For about 10 minutes, BYU played like it could hang with the No. 19 team in the country.

But it was no contest after that.

Mississippi State asserted its superior talent with about 10 minutes remaining in the first half, and rolled to an easy 103-81 win over the slumping Cougars in front of an announced crowd of 10,202 Saturday morning at Humphrey Coliseum in Starkville, Miss.

“I did feel that there were times when we competed really well and executed our stuff,” BYU coach Dave Rose told the BYU sports network. “But there were a lot of times where I really felt like we got discouraged and we didn’t compete at the level, or with the urgency and intensity that we need to pull off a win like this, in this kind of environment.”

The Cougars dropped to 8-7 while losing a third-straight game for the second time this season and have posted their worst non-conference record in Rose’s 14 seasons. They begin West Coast Conference play Thursday at Pacific having lost six of their last nine games.

“Hopefully our guys can learn from this,” Rose said. “We can’t let the score determine the energy and effort we are going to get based on whether things are going well or not going well. It has got to be there all the time.”

• MSU breaks from a 21-21 tie with a 13-0 run midway through the first half and leads by as many as 36 points en route to winning its ninth-straight game
• Yoeli Childs leads BYU with 25 points, but grabs just two rebounds and commits six turnovers
• BYU loses its third-straight game for the second time this season and falls to 8-7, its worst non-conference record in coach Dave Rose’s 13 seasons

Six-foot-10 Aric Holman, a probable NBA draft pick, scored a career-high 28 points on 11 of 18 shooting in just 24 minutes and Quinndary Weatherspoon added 27 for the Bulldogs, who shot 54 percent from the field and led by as many as 36 points.

“They were big, they were physical, they were athletic and they did well on the boards,” said BYU guard Rylan Bergesen. “They were what we expected.”

Which means they were way too good for the Cougars, who are 0-3 against ranked teams, 0-5 in true road games, and have given up an average of 96.8 points in those five games away from the Marriott Center.

As in last Saturday’s loss at San Diego State, turnovers did in the Cougars — on both ends of the floor. MSU turned 19 BYU turnovers into 24 points.

“That happened [again] today where we turned that thing over and then we just can’t stop [the ball] until it is in the basket at the other end,” Rose said. “We had three or four of those, and their lead is up to eight or nine points, and you are fighting from behind.”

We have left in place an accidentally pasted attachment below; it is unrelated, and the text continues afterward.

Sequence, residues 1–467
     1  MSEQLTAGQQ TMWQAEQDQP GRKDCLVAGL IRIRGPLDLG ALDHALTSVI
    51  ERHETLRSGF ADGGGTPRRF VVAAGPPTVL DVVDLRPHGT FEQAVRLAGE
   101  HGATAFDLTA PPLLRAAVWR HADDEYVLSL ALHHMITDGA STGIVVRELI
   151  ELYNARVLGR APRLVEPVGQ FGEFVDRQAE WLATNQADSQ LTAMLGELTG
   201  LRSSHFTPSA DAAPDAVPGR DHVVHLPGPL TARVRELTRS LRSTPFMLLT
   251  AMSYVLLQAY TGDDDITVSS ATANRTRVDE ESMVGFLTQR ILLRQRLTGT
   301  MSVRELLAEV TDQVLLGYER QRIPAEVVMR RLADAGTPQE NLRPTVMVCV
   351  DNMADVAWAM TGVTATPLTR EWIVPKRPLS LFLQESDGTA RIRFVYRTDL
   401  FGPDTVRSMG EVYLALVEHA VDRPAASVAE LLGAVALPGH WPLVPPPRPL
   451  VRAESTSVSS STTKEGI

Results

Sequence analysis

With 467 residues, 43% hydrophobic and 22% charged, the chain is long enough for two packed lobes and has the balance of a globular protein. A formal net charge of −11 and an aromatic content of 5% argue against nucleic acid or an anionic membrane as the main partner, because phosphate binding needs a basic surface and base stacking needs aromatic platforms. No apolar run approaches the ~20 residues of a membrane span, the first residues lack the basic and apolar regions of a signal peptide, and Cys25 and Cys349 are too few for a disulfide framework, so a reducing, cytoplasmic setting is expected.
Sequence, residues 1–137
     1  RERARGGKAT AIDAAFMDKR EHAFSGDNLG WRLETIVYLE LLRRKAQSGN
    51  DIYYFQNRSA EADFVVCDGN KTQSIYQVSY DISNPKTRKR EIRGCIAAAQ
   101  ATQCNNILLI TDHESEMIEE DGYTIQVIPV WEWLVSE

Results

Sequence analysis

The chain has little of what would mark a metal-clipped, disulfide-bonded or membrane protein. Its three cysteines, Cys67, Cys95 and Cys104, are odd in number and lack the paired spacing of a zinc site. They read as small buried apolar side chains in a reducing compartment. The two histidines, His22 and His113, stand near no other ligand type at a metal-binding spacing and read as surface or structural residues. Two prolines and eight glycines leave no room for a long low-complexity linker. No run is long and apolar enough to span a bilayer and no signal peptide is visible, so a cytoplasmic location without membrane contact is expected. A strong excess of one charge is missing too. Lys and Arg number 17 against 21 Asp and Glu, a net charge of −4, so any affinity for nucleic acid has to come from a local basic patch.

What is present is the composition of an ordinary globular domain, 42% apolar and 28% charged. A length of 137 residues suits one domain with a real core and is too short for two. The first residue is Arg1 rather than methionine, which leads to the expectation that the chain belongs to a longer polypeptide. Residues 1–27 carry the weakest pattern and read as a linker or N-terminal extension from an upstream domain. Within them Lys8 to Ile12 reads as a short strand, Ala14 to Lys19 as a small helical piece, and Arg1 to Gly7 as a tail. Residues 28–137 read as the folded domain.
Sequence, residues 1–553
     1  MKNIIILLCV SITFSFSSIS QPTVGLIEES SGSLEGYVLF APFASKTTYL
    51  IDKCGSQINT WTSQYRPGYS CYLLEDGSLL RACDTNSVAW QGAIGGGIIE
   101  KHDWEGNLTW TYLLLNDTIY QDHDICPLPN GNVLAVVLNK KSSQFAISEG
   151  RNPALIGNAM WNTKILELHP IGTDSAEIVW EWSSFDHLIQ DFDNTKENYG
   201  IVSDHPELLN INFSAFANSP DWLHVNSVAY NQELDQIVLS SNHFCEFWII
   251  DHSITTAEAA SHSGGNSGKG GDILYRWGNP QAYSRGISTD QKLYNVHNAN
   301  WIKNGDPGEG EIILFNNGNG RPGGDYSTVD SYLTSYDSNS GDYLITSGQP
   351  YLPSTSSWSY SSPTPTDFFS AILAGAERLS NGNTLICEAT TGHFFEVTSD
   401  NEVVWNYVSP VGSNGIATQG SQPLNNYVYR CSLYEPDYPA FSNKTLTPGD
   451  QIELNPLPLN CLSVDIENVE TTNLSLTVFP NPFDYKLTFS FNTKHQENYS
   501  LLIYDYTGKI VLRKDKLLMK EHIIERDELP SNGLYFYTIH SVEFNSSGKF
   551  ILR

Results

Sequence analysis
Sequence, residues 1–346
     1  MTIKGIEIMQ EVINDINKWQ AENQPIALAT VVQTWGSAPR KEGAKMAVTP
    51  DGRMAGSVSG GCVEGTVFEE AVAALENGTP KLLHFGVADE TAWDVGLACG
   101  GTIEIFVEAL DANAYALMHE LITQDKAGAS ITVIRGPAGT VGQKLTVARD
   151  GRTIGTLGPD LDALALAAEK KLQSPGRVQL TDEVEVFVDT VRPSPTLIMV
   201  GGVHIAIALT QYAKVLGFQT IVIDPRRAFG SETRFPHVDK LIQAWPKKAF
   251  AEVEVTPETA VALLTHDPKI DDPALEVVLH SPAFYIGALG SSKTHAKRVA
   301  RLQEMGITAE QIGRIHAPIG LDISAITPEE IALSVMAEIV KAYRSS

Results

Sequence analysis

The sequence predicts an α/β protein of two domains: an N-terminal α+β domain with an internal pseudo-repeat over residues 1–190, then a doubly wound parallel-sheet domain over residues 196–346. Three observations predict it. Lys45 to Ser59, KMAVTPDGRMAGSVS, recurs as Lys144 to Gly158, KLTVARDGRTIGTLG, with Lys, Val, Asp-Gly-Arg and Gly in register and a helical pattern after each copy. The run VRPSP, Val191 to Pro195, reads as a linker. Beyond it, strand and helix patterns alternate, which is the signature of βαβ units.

Offensively, the Cougars started well, but fizzled when Yoeli Childs and TJ Haws were off the court at the same time. Childs led the team with 25 points, but gathered just two rebounds. Haws added 14 points on 4 of 15 shooting. The Cougars were 5 of 20 from 3-point range and shot just 43 percent.

Haws hit a floater to tie the game at 21-21 with 10 minutes remaining in the first half. However, the Bulldogs went on a 13-0 run over the next minute and 21 seconds, thanks to several BYU turnovers that led to easy baskets.

“We just kind of let our energy and our determination slide a little bit,” Rose said. “That’s what we really got to work on. We’ve got to get better at that.”

Trailing 48-38 at halftime, the Cougars cut the deficit to eight several times early in the second half, but each time the Bulldogs had an answer — usually a 3-pointer or a 3-point play.

Mississippi State went on a 16-2 run midway through the second half to put it away.

Four technical fouls were assessed in the game — three on the Cougars. BYU’s bench picked up one in the first half for protesting a non-call, while Jahshire Hardnett and Nick Emery got technicals in the second half for jawing with MSU players.

“There was a lot of jawing going on back and forth and back and forth [so it was important] that we get out of here with all of our team intact so we can prepare for our opening game in league,” Rose said.

Zac Seljaas added 13 points and Luke Worthington had eight points and five rebounds while playing on a sprained toe suffered in practice Wednesday. Kolby Lee did not make the trip because he was ill and Dalton Nixon did not play due to “issues he needs to deal with when we get back,” Rose said.